PHILIPPINES ABU SAYYAF HOSTAGE RELEASE.jpg
Norwegian Kjartan Sekkingstad is escorted as he boards an airplane at an airport following his release in the town of Jolo, Sulu island, Philippines, 18 September 2016.
Photograph: EPA/BEN HAJAN

A Norwegian man held hostage during "a year of terror" by Islamist militants in the southern Philippines arrived Friday in his native country.

"Now I just want to look ahead, but also honour the two friends who didn't make it alive," Kjartan Sekkingstad told reporters at Oslo's Gardermoen airport.

Sekkingstad was abducted on September 21, 2015, with three others from the southern resort island of Samal, where he worked.

Canadians John Ridsdel and Robert Hall were beheaded after their ransoms were not paid in time. Hall's Filipina fiance, Marites Flor, was released in June.

Sekkingstad, who was freed Saturday, said the kidnappers from terrorist group Abu Sayyaf "deliberately lied" to the hostages about their pending release, and often threatened to kill them.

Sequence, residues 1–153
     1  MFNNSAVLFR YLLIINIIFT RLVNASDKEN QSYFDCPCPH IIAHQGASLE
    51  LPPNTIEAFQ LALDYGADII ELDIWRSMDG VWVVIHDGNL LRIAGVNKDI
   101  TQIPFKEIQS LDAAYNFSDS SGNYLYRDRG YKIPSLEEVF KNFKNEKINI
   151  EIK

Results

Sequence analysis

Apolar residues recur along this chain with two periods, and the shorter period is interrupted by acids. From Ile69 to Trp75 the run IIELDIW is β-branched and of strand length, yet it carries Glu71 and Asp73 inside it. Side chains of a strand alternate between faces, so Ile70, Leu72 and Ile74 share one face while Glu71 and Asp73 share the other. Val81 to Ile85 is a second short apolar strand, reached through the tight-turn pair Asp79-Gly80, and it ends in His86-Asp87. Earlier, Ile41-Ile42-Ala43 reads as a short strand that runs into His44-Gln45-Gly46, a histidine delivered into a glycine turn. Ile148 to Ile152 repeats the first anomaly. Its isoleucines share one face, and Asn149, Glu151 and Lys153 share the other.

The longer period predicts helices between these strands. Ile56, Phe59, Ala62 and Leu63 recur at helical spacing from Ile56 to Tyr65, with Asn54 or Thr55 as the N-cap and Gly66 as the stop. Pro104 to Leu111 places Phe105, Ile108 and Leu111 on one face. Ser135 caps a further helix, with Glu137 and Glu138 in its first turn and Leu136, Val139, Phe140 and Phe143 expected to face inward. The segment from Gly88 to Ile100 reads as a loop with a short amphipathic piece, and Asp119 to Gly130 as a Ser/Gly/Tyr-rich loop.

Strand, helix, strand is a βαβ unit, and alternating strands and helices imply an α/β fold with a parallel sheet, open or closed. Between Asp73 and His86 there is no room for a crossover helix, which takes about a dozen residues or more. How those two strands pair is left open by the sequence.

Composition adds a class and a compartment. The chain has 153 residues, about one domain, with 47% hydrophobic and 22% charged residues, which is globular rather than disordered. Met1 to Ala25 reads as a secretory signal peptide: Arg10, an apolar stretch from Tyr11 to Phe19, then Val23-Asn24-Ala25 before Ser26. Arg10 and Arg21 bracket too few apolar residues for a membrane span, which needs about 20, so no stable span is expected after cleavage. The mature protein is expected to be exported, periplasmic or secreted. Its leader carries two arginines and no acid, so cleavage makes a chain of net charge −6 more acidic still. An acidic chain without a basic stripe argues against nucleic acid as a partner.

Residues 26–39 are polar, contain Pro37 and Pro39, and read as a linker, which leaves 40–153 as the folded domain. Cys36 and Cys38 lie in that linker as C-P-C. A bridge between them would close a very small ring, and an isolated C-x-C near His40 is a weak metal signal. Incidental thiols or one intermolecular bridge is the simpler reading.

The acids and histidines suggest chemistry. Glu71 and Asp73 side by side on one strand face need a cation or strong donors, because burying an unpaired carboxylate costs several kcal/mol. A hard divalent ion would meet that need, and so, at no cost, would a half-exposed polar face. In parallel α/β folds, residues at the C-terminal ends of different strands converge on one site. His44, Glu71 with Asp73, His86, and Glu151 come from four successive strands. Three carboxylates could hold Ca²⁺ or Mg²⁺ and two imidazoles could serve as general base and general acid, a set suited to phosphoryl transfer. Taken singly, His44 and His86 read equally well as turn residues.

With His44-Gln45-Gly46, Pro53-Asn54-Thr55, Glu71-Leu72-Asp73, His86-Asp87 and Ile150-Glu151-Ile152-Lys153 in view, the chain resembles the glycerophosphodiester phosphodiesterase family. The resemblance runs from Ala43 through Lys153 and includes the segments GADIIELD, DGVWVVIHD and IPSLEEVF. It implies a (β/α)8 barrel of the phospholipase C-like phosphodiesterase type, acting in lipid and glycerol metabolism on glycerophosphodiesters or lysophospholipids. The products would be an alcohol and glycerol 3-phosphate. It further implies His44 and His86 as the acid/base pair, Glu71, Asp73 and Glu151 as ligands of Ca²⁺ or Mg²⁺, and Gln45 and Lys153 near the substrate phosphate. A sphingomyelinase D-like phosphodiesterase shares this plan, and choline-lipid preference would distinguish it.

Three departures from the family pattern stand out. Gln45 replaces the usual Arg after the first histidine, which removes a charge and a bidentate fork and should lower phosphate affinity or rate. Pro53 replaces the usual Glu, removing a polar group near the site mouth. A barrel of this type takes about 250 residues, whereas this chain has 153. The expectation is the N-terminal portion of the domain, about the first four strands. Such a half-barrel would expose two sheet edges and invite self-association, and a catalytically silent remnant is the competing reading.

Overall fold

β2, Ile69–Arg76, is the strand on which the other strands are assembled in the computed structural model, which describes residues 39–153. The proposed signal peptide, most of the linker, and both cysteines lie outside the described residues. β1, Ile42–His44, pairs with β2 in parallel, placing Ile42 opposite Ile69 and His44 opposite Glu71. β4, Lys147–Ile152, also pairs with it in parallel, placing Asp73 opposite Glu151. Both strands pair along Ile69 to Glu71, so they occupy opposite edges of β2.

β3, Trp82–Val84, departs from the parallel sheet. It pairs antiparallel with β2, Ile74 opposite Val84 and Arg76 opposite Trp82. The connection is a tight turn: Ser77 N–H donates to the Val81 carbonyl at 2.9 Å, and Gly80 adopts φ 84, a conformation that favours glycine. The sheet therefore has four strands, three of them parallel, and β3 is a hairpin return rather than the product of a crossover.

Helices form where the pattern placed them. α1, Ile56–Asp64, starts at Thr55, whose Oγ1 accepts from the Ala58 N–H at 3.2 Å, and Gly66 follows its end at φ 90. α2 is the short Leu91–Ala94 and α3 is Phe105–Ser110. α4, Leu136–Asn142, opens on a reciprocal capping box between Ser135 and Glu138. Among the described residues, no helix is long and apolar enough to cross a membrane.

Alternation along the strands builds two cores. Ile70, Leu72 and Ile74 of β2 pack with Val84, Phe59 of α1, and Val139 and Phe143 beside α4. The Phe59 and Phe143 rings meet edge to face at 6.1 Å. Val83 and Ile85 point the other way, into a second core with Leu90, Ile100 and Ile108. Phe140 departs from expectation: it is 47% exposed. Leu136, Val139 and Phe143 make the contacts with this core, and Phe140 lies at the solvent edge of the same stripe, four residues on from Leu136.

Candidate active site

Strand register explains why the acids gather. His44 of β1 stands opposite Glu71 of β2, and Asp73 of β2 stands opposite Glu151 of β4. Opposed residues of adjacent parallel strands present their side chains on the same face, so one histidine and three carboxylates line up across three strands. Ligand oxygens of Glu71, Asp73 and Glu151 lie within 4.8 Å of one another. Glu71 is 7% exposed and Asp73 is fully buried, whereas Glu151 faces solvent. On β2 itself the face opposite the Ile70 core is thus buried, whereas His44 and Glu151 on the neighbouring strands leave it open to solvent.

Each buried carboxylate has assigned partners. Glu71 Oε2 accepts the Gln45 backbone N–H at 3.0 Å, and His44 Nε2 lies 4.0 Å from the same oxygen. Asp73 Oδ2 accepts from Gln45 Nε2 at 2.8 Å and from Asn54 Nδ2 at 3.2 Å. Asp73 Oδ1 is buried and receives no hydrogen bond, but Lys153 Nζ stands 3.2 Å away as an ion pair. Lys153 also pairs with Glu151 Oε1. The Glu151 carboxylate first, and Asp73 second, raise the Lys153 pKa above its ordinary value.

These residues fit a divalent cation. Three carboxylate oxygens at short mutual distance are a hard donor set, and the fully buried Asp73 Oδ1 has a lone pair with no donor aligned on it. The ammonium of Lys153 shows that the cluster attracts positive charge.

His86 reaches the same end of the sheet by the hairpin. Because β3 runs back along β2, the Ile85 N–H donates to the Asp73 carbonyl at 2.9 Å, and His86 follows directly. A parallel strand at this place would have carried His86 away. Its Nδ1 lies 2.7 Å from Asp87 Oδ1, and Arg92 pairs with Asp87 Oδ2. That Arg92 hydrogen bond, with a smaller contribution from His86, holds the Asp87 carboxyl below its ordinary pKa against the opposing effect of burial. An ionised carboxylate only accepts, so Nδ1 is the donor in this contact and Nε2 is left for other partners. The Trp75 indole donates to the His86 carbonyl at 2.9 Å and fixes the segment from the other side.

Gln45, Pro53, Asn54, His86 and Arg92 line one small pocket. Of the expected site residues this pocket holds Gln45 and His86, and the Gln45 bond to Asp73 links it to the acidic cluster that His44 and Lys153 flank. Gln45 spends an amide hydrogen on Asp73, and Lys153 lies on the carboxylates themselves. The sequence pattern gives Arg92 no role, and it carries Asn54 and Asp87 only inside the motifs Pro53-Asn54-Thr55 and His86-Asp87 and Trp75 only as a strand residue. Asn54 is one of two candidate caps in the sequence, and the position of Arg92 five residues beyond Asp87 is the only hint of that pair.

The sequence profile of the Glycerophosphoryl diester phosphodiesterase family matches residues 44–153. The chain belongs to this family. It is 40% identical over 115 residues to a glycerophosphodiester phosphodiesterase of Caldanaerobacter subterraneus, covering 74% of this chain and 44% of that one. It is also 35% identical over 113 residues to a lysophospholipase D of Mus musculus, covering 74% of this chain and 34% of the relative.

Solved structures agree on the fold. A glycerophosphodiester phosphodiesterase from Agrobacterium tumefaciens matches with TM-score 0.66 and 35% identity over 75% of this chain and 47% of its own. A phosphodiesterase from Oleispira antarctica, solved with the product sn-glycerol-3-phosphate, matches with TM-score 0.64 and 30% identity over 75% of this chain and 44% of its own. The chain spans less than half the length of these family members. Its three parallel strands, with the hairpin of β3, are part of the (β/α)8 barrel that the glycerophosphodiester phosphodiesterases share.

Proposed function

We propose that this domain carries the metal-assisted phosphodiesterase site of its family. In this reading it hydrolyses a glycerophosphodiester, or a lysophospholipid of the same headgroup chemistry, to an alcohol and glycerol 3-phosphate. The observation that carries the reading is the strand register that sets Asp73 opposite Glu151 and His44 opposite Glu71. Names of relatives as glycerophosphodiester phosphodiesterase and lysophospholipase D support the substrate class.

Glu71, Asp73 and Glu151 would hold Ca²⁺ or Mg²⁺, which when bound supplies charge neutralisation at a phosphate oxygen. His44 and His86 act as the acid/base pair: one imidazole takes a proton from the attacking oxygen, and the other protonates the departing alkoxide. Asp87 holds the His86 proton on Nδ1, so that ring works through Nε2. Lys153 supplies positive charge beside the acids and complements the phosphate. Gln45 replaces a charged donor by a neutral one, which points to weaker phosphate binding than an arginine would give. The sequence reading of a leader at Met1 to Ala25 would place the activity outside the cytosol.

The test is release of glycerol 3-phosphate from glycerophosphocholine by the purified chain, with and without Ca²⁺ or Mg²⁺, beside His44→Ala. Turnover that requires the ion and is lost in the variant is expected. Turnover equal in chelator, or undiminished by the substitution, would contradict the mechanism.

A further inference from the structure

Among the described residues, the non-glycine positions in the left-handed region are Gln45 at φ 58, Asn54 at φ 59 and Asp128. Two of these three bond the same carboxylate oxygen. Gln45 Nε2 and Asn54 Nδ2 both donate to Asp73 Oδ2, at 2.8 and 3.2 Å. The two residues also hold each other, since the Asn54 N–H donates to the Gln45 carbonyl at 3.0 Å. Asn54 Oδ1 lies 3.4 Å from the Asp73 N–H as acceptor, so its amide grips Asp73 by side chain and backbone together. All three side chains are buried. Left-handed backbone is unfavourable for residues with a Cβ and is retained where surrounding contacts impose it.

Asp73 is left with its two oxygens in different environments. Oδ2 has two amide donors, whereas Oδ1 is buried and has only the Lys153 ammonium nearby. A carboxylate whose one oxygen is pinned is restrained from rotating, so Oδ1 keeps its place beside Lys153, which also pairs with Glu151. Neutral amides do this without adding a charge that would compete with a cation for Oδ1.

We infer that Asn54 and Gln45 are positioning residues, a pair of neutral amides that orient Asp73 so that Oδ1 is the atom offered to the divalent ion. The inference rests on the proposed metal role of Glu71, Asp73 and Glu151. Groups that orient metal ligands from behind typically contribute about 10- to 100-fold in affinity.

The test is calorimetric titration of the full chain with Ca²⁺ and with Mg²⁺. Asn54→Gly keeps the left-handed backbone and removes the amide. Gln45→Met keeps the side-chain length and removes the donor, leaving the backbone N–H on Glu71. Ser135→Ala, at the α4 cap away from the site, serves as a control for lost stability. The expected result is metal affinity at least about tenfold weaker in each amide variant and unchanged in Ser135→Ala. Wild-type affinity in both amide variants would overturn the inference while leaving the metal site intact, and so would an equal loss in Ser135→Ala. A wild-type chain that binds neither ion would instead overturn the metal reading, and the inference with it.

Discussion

The group moved continuously on the island of Jolo as the kidnappers sought to avoid detection by security forces. The hostages, he said, were given little food and handcuffed in pairs at night.

One way of trying to keep up morale was "to take joy in little things, 'perhaps I will be given more rice or a little biscuit'," he recalled.

Conditions improved after the June election of Rodrigo Duterte as president.

Sekkingstad said he did not know how his release was negotiated or if ransom had been paid, thanking all who helped secure his freedom.

Abu Sayyaf, which has been blamed for some of the deadliest attacks in the Philippines, is still holding a number of foreigners and several Filipinos.

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